The Current, a center for contemporary art located in Stowe, Vermont, was established in 1981 as Helen Day Art Center with a mission to enhance the human experience through the visual arts. The Current produces major exhibitions featuring a range of artists representing diverse geographies and career stages. Exhibitions are accompanied by a robust interpretive learning program including lectures, panels, and film screenings free to the public. The Current provides progressive arts education programs for all ages, with year-round classes, tours, workshops, and other interactive programs.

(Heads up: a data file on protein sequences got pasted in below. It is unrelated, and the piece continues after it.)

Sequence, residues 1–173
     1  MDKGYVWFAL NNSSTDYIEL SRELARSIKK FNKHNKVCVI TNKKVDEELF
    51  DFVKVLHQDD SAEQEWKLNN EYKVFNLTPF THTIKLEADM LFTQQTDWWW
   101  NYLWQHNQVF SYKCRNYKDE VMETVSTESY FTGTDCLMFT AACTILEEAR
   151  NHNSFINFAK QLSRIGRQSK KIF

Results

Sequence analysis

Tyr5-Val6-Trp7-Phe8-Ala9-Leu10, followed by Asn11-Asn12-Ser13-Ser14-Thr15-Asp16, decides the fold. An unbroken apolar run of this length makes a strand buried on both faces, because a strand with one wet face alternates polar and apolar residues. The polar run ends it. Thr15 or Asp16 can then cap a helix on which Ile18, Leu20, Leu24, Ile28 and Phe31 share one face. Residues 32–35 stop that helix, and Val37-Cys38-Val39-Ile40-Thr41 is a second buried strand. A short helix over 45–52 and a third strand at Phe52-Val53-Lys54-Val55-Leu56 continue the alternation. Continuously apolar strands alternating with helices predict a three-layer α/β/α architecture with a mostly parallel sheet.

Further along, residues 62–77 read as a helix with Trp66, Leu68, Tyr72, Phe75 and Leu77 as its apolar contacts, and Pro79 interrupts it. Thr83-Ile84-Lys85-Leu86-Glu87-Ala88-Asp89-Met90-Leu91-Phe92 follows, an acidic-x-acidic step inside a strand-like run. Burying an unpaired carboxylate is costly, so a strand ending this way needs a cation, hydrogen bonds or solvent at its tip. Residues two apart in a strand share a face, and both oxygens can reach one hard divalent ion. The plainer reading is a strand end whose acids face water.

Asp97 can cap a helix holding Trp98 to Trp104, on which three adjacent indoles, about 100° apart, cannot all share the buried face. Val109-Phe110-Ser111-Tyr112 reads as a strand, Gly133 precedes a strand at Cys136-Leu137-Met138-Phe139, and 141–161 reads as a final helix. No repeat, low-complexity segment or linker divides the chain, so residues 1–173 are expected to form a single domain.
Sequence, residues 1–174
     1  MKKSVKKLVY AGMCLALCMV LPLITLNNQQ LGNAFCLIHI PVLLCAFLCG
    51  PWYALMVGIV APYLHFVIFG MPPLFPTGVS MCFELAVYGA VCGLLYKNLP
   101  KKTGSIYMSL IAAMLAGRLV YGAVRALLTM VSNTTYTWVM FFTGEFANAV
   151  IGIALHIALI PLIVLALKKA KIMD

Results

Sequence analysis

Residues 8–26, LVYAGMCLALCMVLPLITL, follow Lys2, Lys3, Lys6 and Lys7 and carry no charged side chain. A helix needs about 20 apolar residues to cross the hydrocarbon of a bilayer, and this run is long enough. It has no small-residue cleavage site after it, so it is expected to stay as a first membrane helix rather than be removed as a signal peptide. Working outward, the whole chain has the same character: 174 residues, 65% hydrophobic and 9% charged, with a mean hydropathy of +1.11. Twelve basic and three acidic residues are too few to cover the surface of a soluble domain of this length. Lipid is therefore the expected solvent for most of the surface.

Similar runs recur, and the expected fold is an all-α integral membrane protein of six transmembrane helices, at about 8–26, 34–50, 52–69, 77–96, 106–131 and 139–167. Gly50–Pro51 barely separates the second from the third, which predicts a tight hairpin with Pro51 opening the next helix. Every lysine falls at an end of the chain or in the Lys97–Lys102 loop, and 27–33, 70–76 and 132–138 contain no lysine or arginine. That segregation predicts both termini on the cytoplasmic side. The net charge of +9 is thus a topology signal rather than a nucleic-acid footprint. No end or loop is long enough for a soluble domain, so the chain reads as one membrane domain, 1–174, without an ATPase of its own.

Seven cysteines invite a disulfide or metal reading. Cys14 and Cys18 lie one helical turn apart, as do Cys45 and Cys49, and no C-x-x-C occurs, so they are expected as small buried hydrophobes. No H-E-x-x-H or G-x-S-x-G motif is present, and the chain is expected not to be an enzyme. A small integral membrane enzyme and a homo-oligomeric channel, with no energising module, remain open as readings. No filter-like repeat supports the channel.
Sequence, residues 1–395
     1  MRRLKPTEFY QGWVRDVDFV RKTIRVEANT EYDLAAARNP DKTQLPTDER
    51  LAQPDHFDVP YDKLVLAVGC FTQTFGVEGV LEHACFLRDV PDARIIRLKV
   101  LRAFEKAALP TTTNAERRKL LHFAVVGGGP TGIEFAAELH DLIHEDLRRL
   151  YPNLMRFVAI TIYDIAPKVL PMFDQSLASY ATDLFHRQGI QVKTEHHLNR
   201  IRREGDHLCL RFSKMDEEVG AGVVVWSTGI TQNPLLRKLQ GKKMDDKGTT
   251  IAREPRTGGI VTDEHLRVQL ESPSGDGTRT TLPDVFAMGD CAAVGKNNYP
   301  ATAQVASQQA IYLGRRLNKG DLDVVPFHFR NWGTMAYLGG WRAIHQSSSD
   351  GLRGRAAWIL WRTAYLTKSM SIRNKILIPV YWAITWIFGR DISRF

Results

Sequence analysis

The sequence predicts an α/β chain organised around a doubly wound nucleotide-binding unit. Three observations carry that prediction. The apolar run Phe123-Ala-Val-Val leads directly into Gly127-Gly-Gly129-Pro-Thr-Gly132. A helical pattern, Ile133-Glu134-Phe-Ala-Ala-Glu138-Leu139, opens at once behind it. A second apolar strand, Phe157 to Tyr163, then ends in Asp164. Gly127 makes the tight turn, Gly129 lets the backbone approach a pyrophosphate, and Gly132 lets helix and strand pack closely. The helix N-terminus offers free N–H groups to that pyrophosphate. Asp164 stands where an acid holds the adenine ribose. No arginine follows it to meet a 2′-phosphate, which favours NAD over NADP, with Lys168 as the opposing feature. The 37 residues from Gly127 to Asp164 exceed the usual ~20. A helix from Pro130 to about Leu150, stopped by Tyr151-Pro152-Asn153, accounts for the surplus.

Founded in 2007, the Hall Art Foundation makes available postwar and contemporary art works from its own collection and that of Andrew and Christine Hall for the enjoyment and education of the public. In Reading, Vermont, its campus of converted galleries, situated on a former dairy farm, consists of a 19th-century stone farmhouse, three barns, as well as a reception center and cafe. The property’s five historic buildings make up approximately 6,000 square feet of museum-quality exhibition space, and are surrounded by approximately 400 acres of pastures, hayfields and extensive woodland. Outdoor sculptures by world-renowned artists are installed throughout the grounds.